• There are more constructive ways to address violent crime!

      To which we would like to add: (Bias alert )

      • It is more expensive to execute someone than to keep them in jail for life.
      • Most Americans favor life sentences without any possibility of parole, instead of execution.
      • Whether you are executed or not depends a lot on how much money you have to spend in your defense, and your skin color.
      • Stopping the death penalty:
        • Is a pro-life position.
        • Keeps more prison guards employed.
        • Helps create a culture in which human personhood is so highly valued that not even the state is allowed to kill people.

      One great thing about this T-shirt is that you can proudly wear it if you are a supporter of the death penalty. All you have to do is to erase the word "Abolish."

      Other T-shirts, both for and against the death penalty are available on the Cafe Press web site at: http://www.cafepress.com/ They also sell bumper stickers, cups, wall clocks, tote bags, hats, mugs, and buttons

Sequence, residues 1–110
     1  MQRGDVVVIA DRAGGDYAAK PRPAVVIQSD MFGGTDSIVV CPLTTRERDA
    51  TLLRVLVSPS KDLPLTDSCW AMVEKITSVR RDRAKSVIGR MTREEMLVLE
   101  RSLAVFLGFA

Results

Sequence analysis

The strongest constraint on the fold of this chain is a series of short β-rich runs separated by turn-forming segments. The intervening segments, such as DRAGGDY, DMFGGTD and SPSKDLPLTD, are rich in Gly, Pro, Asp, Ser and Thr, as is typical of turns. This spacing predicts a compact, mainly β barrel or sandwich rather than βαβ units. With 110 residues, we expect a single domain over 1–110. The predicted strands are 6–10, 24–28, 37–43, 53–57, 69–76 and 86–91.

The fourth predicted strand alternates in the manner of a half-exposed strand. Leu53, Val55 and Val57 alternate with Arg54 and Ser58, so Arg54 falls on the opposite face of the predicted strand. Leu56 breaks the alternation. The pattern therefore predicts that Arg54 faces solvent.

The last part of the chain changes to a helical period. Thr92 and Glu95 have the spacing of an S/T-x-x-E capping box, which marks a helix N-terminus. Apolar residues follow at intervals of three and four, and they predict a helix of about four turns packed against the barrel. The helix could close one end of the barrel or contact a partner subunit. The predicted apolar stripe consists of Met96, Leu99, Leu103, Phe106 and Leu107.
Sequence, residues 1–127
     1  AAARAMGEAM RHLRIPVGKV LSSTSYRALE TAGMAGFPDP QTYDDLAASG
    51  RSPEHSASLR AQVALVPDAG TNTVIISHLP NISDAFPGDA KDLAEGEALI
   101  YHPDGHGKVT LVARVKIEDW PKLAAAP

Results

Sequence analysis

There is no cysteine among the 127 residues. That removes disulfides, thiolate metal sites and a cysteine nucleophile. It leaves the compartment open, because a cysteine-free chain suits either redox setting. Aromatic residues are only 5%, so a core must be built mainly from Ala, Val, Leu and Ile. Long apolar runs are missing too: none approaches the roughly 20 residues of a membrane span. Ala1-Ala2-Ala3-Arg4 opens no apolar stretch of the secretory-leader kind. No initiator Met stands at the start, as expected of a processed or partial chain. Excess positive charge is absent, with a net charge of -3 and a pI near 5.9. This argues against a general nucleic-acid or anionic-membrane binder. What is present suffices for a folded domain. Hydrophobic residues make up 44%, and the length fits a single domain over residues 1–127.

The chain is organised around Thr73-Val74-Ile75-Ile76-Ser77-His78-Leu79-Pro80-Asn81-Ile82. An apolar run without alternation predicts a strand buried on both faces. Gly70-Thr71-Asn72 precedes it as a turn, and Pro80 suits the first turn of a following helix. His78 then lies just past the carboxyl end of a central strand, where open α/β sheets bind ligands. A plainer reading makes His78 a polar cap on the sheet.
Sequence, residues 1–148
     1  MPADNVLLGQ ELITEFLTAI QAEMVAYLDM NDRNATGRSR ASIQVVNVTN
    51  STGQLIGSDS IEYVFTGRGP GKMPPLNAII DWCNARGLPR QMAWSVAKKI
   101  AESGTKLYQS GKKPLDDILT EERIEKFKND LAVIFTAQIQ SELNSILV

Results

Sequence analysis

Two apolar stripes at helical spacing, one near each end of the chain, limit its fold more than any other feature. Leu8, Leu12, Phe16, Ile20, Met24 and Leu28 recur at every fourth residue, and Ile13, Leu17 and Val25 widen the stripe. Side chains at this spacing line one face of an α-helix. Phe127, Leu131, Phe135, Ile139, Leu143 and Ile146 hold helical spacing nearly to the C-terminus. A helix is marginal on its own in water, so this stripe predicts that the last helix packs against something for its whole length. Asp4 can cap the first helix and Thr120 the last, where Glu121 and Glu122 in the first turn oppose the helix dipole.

Part 1: Death penalty data

      By the 1930′s up to 150 people were executed yearly. 1 Lack of public support for capital punishment and various legal challenges reduced the execution rate to near zero by 1967. The U.S. Supreme Court banned the practice in 1972.

      In 1976, the Supreme Court authorized its resumption. 2 Each state could then decide whether or not to have the death penalty.

      As of 2002-OCT, only 12 states and the District of Columbia did not have the death penalty. The states which had abolished executions are typically northern: Alaska, District of Columbia, Hawaii, Iowa, Maine, Massachusetts, Michigan, Minnesota, North Dakota, Rhode Island, Vermont, West Virginia and Wisconsin. However, seven jurisdictions have the death penalty but have not performed any executions since 1976. They are also mostly northern: Connecticut, Kansas, New Hampshire, New Jersey, New York, South Dakota and the U.S. military.

      By 2012-APR, four more states had abolished the death penalty:

      • 2004: The courts declared the death penalty to be unconstitutional in New York.
      • 2007: New Jersey repealed its death penalty law.
      • 2009: New Mexico repealed its death penalty law.
      • 2011: Illinois repealed its death penalty law.